Not fond of the way this is phrased and presented… Any team that is registered with FIRST is a FIRST team. They may not be doing all the things you mentioned, but that could be due to any number of reasons-- team age, student maturity, mentor experience or number of mentors, lack of school district support, the list could go on forever.

By all means we can highlight and encourage good FIRST team practices and efforts, but lets not imply that those that are currently not doing certain things, are somehow ‘lesser’ by having not done them-- it doesn’t help further the cause.

What makes a Team a true FIRST Team is defined by that particular team and its members. Each and every FIRST team is going to have a different opinion, therefore there is really no uniform definition of what a true FIRST team is.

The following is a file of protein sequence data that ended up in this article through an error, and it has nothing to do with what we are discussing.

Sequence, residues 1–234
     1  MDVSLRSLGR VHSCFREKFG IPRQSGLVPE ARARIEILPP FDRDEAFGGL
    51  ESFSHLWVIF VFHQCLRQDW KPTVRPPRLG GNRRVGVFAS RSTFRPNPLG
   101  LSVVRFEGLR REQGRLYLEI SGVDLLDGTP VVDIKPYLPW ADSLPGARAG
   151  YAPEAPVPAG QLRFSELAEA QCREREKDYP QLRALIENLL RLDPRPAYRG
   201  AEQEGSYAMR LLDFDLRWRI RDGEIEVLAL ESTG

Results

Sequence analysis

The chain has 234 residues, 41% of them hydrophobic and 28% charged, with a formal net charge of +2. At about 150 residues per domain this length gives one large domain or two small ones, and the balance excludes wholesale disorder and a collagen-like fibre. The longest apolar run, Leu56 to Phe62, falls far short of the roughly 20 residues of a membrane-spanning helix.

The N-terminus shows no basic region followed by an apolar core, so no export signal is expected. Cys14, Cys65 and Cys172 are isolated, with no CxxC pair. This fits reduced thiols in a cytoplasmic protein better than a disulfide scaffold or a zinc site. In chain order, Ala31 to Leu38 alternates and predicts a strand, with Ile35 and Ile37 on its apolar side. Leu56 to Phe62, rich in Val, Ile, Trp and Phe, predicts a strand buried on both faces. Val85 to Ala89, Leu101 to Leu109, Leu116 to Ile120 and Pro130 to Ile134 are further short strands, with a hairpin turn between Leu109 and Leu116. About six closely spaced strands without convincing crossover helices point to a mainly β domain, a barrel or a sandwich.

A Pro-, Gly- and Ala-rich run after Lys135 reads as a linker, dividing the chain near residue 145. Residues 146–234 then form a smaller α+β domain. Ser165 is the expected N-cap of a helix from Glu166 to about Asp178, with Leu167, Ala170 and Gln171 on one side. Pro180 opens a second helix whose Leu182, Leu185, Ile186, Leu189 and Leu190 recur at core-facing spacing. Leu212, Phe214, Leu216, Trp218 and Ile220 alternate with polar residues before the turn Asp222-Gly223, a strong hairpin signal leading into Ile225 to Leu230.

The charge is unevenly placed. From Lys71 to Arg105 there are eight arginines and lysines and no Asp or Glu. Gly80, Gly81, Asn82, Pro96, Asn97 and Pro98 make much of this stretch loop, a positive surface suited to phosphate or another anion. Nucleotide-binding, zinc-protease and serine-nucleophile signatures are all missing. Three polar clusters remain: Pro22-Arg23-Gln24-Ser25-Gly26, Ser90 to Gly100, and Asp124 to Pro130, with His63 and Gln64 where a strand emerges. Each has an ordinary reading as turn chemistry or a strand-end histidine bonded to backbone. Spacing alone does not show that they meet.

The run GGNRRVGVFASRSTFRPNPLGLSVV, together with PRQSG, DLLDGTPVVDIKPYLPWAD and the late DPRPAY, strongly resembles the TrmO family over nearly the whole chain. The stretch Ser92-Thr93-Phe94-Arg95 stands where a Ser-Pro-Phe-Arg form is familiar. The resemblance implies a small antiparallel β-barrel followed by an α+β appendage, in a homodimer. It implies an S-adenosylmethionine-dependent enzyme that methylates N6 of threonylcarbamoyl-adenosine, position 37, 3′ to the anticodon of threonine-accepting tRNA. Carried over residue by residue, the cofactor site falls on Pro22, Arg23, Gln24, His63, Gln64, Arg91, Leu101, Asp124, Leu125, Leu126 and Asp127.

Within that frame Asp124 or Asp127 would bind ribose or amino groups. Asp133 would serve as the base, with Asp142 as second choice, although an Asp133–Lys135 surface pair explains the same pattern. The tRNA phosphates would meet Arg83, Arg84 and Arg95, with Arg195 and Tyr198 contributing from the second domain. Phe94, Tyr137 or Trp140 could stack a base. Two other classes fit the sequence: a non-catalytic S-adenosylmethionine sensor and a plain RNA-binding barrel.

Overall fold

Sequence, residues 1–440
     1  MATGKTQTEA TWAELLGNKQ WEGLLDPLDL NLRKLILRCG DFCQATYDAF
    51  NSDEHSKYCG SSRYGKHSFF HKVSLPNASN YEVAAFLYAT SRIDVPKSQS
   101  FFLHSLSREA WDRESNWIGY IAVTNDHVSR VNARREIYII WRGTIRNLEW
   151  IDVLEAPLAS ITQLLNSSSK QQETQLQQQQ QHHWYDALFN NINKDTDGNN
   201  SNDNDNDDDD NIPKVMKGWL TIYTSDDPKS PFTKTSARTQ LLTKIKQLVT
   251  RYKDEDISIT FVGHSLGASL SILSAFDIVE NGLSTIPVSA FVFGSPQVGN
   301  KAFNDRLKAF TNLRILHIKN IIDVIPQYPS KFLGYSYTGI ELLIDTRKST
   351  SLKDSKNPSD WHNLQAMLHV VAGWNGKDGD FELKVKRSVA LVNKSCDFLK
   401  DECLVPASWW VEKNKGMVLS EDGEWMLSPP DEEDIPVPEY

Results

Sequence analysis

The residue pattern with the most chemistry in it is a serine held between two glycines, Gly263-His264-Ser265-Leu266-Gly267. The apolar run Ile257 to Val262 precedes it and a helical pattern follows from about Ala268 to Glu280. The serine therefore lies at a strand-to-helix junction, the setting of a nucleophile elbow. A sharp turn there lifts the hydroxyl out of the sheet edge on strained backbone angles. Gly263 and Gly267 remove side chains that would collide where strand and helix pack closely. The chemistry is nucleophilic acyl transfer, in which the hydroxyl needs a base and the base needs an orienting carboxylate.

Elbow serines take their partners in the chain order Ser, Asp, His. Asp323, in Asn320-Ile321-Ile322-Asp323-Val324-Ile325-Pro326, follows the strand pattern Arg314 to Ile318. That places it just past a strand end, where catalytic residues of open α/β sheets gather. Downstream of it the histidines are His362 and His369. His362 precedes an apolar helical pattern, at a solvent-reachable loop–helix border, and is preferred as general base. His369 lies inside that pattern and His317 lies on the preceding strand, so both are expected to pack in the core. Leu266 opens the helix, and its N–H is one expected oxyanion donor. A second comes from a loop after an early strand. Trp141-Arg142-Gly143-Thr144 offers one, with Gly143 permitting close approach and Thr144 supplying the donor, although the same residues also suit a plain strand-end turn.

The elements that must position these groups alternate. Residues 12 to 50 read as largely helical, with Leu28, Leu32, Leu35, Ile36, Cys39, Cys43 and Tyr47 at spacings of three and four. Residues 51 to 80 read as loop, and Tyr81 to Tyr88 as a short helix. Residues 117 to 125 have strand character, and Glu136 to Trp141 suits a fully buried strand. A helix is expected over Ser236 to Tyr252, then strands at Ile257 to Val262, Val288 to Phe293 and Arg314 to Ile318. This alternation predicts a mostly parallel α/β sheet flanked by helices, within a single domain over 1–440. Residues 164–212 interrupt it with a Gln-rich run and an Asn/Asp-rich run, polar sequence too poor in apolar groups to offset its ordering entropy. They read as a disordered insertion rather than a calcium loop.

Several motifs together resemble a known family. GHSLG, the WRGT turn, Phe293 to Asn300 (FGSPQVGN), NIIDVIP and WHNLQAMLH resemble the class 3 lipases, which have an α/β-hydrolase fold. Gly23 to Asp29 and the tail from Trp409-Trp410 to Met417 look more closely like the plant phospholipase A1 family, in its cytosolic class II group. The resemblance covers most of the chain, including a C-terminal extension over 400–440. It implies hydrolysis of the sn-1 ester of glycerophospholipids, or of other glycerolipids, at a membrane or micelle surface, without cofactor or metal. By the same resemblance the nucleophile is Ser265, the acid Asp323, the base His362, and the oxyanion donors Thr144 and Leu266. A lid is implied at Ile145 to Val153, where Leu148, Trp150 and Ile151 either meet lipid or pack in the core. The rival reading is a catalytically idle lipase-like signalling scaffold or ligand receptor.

The only real concrete definition of a FIRST team is a team that is participating in a FIRST program, and has paid its registration fees.

Agreed. I know some teams who simply do not have the students (very small school teams) to do “any non robot related awards”, yet I’d still consider them a “True FIRST Team”.

I completely agree. I think some teams make things a priority that others do not, and that is the opposite of a bad thing. For example, in the San Diego Community, Team Spyder dominates the Safety aspect of robotics every year. Team Paradox is one of the most exciting and spirited teams I’ve ever competed with, and they bring an element to the competitions thats irreplaceable. Rookie teams that have yet to find one aspect that they focus on, and yet they are a vital part of the FRC community and not calling them a “True” FRC team sounds terrible. Every team has something to offer to the community, and labelling some of them as “real” or “not real” is the exact type of exclusion that FRC shouldn’t be about.